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Re: Early Season BWO's

Joined:
2011/6/29 9:38
From Philadelphia
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Quote:

csoult wrote:
Do you have more of a problem with drag?


Good question but I would assume if you watch the bigger fly for drag the smaller should follow. BMarx, yes?

Posted on: 2012/2/10 15:10


Re: Early Season BWO's

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2011/12/23 16:42
From The Iron Islands
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csoult,
Not really, if your dropper is two short you might, but if you mend the lead fly, the dropper will follow and it should be fine. Sometimes the extra slack between the lead fly and the dropper gives the dropper that much extra drift. Mending is key not matter if you are fishing 1 dry or 2.

It certainly doesn't work ALL the time, but it also has very useful applications, especially with emergers and like i said the ever frustrating multihatch (typically sulphers and olives or that sort of thing)

Posted on: 2012/2/10 15:11


Re: Early Season BWO's

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fox,

generally yes.

Posted on: 2012/2/10 15:13


Re: Early Season BWO's

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2011/3/31 12:18
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I could see where this could be an advantage as I ran into a situation where sulphur duns and spinners were everywhere. Come to think of it I could only keep track of one fly that night. But I will try this for sure.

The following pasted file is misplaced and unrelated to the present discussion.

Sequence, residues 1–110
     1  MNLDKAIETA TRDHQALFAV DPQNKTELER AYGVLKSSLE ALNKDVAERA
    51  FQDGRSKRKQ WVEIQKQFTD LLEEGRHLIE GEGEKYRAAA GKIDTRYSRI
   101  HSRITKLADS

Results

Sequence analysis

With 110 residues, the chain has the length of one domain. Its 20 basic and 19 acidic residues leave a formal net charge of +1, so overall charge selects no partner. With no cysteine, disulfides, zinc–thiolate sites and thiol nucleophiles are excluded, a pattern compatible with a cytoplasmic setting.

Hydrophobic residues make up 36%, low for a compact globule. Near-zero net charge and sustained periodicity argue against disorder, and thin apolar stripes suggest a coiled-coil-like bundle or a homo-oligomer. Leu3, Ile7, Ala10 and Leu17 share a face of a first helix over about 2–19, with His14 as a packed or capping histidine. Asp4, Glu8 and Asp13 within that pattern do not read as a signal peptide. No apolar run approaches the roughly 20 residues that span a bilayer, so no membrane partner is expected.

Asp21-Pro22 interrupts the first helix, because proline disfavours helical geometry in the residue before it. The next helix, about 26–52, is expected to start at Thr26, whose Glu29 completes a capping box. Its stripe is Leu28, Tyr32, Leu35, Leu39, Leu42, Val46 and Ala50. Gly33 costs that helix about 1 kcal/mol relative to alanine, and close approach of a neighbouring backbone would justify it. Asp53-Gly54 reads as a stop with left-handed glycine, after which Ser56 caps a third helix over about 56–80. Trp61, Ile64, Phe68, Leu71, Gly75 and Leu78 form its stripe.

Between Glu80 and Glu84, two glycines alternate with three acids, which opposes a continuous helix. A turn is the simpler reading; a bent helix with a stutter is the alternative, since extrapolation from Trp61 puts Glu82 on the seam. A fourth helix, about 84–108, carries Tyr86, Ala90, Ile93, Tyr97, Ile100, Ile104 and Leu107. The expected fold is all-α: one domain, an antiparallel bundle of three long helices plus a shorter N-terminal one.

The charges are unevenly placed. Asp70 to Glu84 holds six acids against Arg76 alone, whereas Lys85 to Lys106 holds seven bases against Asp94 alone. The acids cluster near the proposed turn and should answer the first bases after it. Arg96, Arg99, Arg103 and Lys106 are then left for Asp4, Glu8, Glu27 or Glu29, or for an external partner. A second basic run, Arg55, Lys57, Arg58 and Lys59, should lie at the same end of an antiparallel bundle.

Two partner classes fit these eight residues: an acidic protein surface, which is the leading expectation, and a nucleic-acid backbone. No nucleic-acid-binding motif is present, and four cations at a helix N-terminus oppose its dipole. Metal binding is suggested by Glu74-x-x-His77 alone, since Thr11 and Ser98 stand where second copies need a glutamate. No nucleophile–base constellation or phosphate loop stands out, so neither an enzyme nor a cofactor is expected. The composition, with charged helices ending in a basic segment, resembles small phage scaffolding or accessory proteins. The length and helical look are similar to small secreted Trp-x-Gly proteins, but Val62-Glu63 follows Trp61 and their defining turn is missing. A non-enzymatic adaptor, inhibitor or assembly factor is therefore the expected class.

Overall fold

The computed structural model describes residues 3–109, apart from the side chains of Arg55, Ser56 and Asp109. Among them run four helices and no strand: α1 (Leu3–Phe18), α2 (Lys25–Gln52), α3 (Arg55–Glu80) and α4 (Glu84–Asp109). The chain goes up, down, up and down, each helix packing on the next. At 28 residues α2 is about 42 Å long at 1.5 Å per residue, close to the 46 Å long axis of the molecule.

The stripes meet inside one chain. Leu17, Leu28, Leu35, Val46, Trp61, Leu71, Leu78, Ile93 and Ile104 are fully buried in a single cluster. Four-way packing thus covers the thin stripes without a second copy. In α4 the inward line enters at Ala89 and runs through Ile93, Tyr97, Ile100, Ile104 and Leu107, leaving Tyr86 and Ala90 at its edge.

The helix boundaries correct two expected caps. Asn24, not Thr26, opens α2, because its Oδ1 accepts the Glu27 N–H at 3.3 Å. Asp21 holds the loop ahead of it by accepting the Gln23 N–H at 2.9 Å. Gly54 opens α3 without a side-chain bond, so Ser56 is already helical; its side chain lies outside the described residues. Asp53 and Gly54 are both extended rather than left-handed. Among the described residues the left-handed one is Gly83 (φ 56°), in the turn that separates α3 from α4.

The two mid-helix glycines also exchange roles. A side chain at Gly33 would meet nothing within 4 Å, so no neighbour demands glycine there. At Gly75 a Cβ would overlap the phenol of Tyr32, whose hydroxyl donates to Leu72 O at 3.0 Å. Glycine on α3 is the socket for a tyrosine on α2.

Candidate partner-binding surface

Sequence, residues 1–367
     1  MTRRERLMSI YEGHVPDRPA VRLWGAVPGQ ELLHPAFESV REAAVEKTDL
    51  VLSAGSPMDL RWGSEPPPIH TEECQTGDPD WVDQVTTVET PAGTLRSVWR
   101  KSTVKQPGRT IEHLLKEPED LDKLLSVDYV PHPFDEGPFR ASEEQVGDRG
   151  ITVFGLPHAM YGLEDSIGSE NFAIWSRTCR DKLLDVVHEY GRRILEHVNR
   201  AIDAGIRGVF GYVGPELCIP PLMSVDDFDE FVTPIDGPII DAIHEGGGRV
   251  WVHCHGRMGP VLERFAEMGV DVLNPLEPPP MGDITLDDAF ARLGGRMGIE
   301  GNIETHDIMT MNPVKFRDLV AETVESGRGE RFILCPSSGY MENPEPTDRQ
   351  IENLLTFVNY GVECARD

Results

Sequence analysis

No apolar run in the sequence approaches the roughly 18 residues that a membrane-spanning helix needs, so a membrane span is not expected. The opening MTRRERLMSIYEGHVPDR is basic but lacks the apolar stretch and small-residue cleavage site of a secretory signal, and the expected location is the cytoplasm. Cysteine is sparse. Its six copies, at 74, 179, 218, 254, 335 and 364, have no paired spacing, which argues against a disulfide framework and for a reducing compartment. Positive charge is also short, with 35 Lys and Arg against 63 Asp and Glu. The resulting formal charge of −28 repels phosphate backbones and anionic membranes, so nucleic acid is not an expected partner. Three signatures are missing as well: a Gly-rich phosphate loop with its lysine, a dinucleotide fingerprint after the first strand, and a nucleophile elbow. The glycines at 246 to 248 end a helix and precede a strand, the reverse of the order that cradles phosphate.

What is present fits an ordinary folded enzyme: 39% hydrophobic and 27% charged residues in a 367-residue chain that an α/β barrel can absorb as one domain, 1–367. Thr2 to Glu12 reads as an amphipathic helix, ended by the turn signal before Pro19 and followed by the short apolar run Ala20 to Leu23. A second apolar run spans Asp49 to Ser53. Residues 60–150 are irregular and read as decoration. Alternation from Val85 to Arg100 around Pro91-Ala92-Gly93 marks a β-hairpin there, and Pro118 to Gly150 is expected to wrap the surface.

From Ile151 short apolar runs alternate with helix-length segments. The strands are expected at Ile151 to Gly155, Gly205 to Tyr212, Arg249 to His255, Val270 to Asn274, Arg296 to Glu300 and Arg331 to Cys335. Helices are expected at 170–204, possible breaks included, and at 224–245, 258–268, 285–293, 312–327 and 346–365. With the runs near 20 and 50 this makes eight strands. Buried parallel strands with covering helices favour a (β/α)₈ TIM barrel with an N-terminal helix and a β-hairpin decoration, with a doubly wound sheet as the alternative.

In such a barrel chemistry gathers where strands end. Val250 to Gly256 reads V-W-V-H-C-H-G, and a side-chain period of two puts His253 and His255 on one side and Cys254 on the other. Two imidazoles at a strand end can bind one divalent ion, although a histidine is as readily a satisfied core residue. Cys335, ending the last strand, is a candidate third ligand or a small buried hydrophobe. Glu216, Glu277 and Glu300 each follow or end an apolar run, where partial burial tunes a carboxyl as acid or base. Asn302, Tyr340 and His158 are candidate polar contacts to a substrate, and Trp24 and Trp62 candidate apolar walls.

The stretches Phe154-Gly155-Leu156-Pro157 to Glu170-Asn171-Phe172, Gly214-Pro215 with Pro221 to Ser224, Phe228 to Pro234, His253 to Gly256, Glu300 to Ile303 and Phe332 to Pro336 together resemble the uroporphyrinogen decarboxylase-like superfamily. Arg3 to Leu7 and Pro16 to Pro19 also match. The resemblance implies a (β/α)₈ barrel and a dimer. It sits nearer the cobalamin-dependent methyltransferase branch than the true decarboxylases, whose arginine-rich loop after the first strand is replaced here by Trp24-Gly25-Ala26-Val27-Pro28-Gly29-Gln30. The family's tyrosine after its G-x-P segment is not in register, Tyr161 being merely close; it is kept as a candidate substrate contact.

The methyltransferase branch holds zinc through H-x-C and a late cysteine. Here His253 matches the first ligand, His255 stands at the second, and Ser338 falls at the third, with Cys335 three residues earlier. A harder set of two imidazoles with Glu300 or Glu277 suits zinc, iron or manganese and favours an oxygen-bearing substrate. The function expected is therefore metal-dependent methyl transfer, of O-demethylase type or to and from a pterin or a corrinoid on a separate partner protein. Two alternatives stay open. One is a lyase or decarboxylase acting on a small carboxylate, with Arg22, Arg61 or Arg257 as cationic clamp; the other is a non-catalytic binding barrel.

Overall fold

Posted on: 2012/2/10 15:15
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Re: Early Season BWO's

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2011/12/23 16:42
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Yeah you can't always see both flies, but when you can see one, you have an idea where the other SHOULD be, and sometimes if the fish takes the second dry, the first goes under or stops just like an indicator. give it a whirl and let us know.just don't yell at me when you snap off two flies instead of one

Posted on: 2012/2/10 15:17


Re: Early Season BWO's

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2011/6/29 9:38
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How many times have you had 2 fish on? I think that would be ultra exciting!

Posted on: 2012/2/10 15:25


Re: Early Season BWO's

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rarely because when im fishing two dries i am typically targeting one larger fish. I don't blind cast, although that might work too and big fish don't typically let smaller fish that close. i've done it nymphing though but it isn't that wild.

Posted on: 2012/2/10 15:29


Re: Early Season BWO's

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2011/6/29 9:38
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Got it. Where I want to try it with the GN and BWO, the fish rise in pods. I would think it could happen there but I see your point on bigger water.

Posted on: 2012/2/10 15:31


Re: Early Season BWO's

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2008/1/31 17:19
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I don't usually target big fish. I'm out to catch fish, and if they happen to be big, great.

I do use a dry-dropper a lot. And while I've never thought of it as 2 dries, I guess it's the same idea. I do it on small streams a lot, often with a beadhead or something similar, and that's the classic dry-deep nymph, not much different than an indicator rig. But you really can't fish a "deep" nymph that way on a larger stream, it just pulls under the dry. So the dry-dropper rig on a large stream usually has an emerger, or a light nymph in the film, as the dropper. I guess that's the same idea as 2 dries.